Katerina Sinclair, an university educator and mother of a Tucson high school student, was not permitted to voice her concerns about proposed changes to the Mexican American Studies program in a Tucson Unified School District (TUSD) board meeting on Tuesday, May 3. Instead, Dr. Sinclair was arrested for criminal trespass and taken to the Pima County Jail.
In lieu of being permitted to address her concerns to the TUSD board members directly, Dr. Sinclair offers this open letter to the board.
On Tuesday, May 3rd, I stood up as a concerned parent at the TUSD School Board meeting and was arrested on a charge of criminal trespass. I was concerned that the Board had not voiced their agreement with Superintendent Pedicone’s recommendation to postpone their vote on Dr. Stegeman’s proposal until a town hall meeting could be held and all voices heard. I was concerned that members of the audience had asked the Board if they would hold a town hall meeting before they voted and were met with silence. Instead, the Board voted (3-2) to cancel the public meeting scheduled for this Thursday that would have been held in a high school auditorium to accommodate our community and include two hours of discussion. They refused the community’s request to extend the call to the audience to ensure that people’s opinions were heard. Instead, Dr. Stegeman announced that they would move on to the next item on the agenda—the vote.
As I was not allowed to speak beyond the first two sentences, I submit the following as an open letter to the TUSD school board:
My name is Dr. Katerina Sinclair and I am the mother of a TUSD high school freshman. Additionally, I hold a PhD in Human Development and Family Studies and a Masters in Applied Statistics from Penn State, along with three other university degrees. I have earned numerous teaching awards, recognitions, and certificates, and I research the effect of inclusive school policies and curricula on in-school victimization, academic outcomes, mental health and suicide risk for lesbian, gay, bisexual and transgender youth. Given the recent media coverage of these issues, I trust that I do not have to draw the parallel for this board between the risks faced by LGBT youth and those faced by Mexican American youth, and so this issue is of both personal and professional importance to me.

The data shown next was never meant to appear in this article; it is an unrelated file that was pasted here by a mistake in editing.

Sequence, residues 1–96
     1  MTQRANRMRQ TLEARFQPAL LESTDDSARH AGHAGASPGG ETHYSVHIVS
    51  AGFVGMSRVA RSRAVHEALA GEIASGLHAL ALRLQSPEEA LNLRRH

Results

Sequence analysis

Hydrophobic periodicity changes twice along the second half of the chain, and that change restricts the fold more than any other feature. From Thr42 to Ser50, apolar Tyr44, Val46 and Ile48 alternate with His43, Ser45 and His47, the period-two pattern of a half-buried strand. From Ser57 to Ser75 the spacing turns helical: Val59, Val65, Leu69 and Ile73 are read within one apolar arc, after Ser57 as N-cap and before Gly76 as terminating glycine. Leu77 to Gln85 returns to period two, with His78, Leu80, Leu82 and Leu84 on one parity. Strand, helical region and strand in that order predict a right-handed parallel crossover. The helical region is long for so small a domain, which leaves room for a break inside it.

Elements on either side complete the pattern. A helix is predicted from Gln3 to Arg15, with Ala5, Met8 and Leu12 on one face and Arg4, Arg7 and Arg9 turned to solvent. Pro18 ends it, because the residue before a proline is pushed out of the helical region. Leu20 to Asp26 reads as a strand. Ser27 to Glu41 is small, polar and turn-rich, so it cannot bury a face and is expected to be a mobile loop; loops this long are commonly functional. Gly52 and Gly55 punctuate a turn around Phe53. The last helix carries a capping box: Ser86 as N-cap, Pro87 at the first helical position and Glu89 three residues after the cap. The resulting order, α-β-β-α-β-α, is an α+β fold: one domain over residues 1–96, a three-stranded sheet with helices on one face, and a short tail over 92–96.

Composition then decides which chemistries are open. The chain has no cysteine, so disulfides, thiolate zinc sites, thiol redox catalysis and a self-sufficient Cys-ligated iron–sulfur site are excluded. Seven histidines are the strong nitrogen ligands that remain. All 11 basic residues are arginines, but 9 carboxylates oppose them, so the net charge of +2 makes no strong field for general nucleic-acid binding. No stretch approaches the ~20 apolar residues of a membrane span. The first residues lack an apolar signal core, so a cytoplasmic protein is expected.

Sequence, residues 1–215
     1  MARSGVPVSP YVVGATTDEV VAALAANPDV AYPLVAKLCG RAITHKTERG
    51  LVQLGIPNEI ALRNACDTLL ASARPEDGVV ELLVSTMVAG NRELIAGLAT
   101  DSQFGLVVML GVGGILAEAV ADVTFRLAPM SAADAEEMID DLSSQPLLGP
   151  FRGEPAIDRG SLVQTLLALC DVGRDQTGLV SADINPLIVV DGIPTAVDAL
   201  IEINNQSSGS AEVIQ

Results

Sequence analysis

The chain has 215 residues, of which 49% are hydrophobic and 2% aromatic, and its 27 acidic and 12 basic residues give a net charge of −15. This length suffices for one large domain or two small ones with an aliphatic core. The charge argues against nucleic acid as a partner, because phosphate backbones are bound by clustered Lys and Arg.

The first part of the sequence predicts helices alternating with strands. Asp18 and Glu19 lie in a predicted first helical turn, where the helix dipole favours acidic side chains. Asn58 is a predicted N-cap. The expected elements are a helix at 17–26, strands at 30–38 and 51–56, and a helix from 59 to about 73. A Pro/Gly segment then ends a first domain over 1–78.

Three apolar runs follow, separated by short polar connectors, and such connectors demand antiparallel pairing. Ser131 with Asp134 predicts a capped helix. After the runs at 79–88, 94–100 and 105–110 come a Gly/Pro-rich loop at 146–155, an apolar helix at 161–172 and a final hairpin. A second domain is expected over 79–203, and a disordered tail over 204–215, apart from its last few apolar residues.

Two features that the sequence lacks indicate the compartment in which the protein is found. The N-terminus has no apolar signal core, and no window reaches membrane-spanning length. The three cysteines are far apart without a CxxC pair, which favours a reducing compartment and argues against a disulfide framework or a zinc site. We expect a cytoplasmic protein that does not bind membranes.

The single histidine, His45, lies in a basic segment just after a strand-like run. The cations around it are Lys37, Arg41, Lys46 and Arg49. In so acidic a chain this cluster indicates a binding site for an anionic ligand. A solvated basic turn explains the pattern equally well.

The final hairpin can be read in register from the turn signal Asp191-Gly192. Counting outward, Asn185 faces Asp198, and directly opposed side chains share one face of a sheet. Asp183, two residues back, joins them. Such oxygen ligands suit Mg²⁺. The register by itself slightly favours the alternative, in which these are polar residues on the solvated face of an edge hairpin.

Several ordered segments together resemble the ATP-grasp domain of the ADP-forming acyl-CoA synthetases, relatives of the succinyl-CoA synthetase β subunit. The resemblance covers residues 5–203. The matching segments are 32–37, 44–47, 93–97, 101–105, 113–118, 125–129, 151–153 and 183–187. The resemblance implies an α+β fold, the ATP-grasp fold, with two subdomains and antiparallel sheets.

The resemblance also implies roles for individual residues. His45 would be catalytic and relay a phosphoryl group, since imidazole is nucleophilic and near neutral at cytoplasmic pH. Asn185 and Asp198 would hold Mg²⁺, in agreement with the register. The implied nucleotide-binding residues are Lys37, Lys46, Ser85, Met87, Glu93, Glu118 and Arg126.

I stand before you as a concerned parent, but bring my academic background with me. Dr. Stegeman, I will address you directly as this is your proposal. As a fellow college educator, I am sure you are aware of the qualities that universities want in their students. We want students who own their own educations, who take initiative, who go beyond the lecture. We want critical thinkers who can draw parallels, question the status quo, and move themselves up Bloom’s taxonomy of educational objectives from simple recitation of facts to analysis and synthesis. If our graduates are to compete in this global economy, we need innovative, creative thinkers in the next generation of college students. Finally, and this is most relevant to this discussion, we need students who are able to think outside the box and challenge the assumptions of majority culture. We need students who have the background and ability to understand cultures that are not their own. For this reason, most universities require students to take courses that emphasize intercultural competence, including my alma mater and the University of Arizona.
As a white parent of a white student, this is of the greatest concern to me. I want my daughter to learn about the values and history of culture outside of that in which she was raised. Dr. Stegeman, I have read the articles and position statements that you have written regarding this proposal; you seem to believe that intercultural competence can be gained through incorporating materials on Mexican American history into general social studies classes. Although I appreciate your intention to broaden the coverage of Mexican American history, this is simply not how people learn. Consider if a colleague asked you to give a guest lecture on game theory, your area of expertise, in a freshman economics course. Would you then consider these students to be competent to discuss game theory? I think not. Similarly, we would not teach students the Cyrillic alphabet and then say they learned Russian. Intercultural competence is developed through immersion in another culture and a deep understanding of value systems in the same way that languages are learned through continuous contact.
As I raise my daughter in our racially and culturally mixed city, I want her to have the opportunity for this immersion; I want her to be competitive in an increasingly global context. The answer also does not lie in making these courses electives. Due to her advanced mathematical background, last year my daughter, who was then in middle school, took math courses at Tucson High. Due to the differences in schedules, she was unable to take any elective courses the entire year. As she should be finished with Calculus II by the end of her junior year and she will have to commute to a college to continue her mathematical coursework, we are anticipating similar problems with scheduling in the coming years. My daughter, who is brilliant in both humanities and mathematics, is the type of student we want in our college courses. She is well-rounded and enthusiastic. Please encourage her enthusiasm for learning about other cultures. Do not stifle it. Do not make these courses electives. Expand the course offerings instead to allow for more students to develop critical thinking skills and intercultural competence. Ensure the competitiveness of our graduates for college and job opportunities.
As a parent, as a fellow educator, and as a Tucson community member, I am asking that you remove your proposal from consideration, Dr. Stegeman. Thank you for your time.